I would be all for an education effort with funding commensurate with the size of the problem (in this case a few million dollars worth). But is it really a "clusterfuck" at this point? How many people have been harmed by a privately operated drone so far, a few hundred at most? You're probably about as likely to get struck by lightning as get hurt by a drone. What the FAA, and you, are doing is over-reacting to a potential problem without thinking it through (or more realistically, actively using it as an opportunity to make money and gain more power).

And I bring up the pointed stick argument because it is analogous to your argument. You're arguing that drones should be further regulated without establishing a valid justification why the specific regulation is needed. If there weren't already laws against flying things around in controlled airspace or spying on neighbors, I'd probably be on board with creating those. Considering that those laws already exist, I'm questioning if the added imposition on our personal privacy, that registration amounts to, is warranted given that there have only been a few incidents and the drone operators weren't prohibitively difficult to find.

I say there's no need to panic yet. If the current enforcement efforts aren't doing the job, we should focus on improving those. Then, if the problem continues to escalate, there may come a point where new measures should be considered to address them (training requirements, licensing, registration, etc.), but until we exhaust the available options within the current laws, I see no reason to add new ones.

Comment Re:Whiners, LISTEN UP: (Score 1) 533

I don't disagree that there are morons out there who will break the law and they should be held accountable. But there are already laws in place to cover all of the issues you mentioned. How about we just enforce those. Is registering drones going to reduce the incidence rate of these issues? I certainly doubt it. The only advantage is that it may be somewhat easier to identify who the drone belongs to if the thing has a serial number and it's registered. Making the cops jobs slightly easier in a few (actually, very few to date) cases doesn't justify this sort of gross intrusion into private affairs, in my opinion.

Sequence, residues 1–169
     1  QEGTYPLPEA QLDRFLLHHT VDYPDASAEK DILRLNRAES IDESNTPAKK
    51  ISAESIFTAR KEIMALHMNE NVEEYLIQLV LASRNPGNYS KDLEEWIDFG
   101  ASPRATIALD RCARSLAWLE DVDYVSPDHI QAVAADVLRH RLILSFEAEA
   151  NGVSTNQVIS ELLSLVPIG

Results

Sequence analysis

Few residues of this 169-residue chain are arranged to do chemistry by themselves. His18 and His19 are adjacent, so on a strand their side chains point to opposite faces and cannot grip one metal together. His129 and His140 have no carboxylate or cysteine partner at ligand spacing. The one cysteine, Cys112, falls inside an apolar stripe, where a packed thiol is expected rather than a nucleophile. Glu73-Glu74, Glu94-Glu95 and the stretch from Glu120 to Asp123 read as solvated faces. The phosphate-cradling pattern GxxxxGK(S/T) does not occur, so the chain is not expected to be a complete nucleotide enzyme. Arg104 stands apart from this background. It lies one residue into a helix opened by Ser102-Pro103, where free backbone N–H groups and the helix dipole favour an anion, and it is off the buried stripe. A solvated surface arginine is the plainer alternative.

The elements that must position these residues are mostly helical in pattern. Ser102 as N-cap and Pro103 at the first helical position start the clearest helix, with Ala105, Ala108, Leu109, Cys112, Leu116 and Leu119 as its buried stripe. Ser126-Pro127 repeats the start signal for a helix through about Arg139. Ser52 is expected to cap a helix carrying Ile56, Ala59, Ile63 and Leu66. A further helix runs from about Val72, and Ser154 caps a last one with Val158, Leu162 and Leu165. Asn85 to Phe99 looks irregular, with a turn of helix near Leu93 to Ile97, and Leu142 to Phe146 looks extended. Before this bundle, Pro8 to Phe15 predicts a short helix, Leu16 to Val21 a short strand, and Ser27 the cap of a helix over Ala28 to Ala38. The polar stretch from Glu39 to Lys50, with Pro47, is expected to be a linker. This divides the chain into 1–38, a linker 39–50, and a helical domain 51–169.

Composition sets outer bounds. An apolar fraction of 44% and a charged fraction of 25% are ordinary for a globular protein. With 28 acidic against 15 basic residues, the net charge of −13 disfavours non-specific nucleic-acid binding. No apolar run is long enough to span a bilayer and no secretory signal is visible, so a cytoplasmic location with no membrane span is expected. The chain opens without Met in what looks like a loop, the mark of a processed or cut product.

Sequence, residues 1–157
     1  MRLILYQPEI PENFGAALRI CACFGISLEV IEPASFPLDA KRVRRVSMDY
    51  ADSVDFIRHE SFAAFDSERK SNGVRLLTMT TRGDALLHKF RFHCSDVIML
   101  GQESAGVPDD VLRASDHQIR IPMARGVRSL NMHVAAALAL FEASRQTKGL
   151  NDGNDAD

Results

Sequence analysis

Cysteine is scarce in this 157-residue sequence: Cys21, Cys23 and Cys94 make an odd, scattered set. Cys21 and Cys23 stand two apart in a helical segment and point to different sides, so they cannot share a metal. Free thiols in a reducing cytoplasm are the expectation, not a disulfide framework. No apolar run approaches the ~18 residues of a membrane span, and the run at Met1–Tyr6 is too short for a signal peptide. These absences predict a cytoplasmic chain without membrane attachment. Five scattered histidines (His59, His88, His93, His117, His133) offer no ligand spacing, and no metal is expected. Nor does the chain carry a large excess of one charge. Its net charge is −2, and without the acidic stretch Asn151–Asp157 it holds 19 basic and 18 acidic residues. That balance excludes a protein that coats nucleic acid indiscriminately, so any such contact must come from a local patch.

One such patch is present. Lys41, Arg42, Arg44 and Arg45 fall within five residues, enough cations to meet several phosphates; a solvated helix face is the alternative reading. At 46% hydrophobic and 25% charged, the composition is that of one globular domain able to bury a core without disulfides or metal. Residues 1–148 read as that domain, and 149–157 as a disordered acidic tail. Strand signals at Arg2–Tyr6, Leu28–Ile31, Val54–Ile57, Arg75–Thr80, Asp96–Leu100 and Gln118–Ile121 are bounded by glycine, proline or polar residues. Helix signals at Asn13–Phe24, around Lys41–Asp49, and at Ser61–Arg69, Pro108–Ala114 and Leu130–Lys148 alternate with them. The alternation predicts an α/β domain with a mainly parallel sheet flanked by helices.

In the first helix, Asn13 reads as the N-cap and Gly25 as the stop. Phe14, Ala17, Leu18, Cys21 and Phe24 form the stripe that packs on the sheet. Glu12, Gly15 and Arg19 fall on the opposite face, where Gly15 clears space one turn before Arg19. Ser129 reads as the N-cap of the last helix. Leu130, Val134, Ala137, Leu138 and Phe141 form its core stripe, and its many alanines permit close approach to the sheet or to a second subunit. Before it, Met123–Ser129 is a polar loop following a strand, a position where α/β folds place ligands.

And if you really think banning drones is "fair" then what about cars or guns or power tools or knives or laser pointers or any other tool that could be used destructively (which is all of them). Should we ban (or register) all those too? What rights do individuals have to sovereignty in your mind? Should we be allowed to make our own decisions about what we eat, where we work or how we spend money? Or do you just know what's best for everyone and screw them if they disagree?

Comment Re:Whiners, LISTEN UP: (Score 2) 533

2. What the actual FUCK do you expect the FAA and the government to do? Nothing?


Doing nothing means the problem continues. Or do you expect cops to waste their time trying to chase down little flying toys?

What problem? And the cops will still have to track down the owner of the toy used for the crime anyway. Maybe a list of registered drones helps, maybe not (which is likely the case for mass produced, non-serialized toys).

Comment Re:What exactly are you backing up? (Score 2) 118

For user files only (ie, My Documents or whatever) can you set up network based home directories ? And then just back up the server they live on.

If you do this, you better have an insanely reliable network with at least gigabit speeds. Where I work we have all of our *nix boxes set up with the user home directories on NFS and when the network goes out, we have a lot of employees who can't do their jobs. Even a few hours of outage can be extremely costly. On top of that, no one who works with large files uses their home directory for anything due to the limited space and slow (100Mbps) network speeds. Instead everything is stored locally and backups are up to the end user (read "non-existent").

Comment Re:Fuck You, Experian (Score 1) 161

Are there ANY US mobile providers ... which are not total fucks?


There are only varying degrees of total fuckishness and, as far as I can tell, T-Mobile is the best of the bunch. Maybe you can find a trustworthy local MVNO, but even then most of the money you pay them will still be supporting one of the big 4.